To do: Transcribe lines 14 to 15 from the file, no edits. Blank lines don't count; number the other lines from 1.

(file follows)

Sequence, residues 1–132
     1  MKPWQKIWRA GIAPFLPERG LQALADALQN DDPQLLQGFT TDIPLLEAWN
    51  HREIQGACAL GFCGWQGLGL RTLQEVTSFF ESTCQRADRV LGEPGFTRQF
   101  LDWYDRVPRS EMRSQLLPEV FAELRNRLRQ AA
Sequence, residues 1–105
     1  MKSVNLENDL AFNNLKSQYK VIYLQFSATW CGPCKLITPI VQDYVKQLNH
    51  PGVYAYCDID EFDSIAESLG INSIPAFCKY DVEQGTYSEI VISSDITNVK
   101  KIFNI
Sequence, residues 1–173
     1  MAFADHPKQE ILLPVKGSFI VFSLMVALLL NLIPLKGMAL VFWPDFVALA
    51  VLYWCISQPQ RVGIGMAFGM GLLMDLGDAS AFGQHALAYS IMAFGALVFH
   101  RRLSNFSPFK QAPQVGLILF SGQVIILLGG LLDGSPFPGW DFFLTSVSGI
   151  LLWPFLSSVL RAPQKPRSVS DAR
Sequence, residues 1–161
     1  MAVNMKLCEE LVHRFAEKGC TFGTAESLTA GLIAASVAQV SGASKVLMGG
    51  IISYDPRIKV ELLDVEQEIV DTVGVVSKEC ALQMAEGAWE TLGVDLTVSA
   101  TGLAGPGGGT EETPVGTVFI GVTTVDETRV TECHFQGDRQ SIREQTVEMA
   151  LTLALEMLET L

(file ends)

Sequence, residues 1–161
     1  MAVNMKLCEE LVHRFAEKGC TFGTAESLTA GLIAASVAQV SGASKVLMGG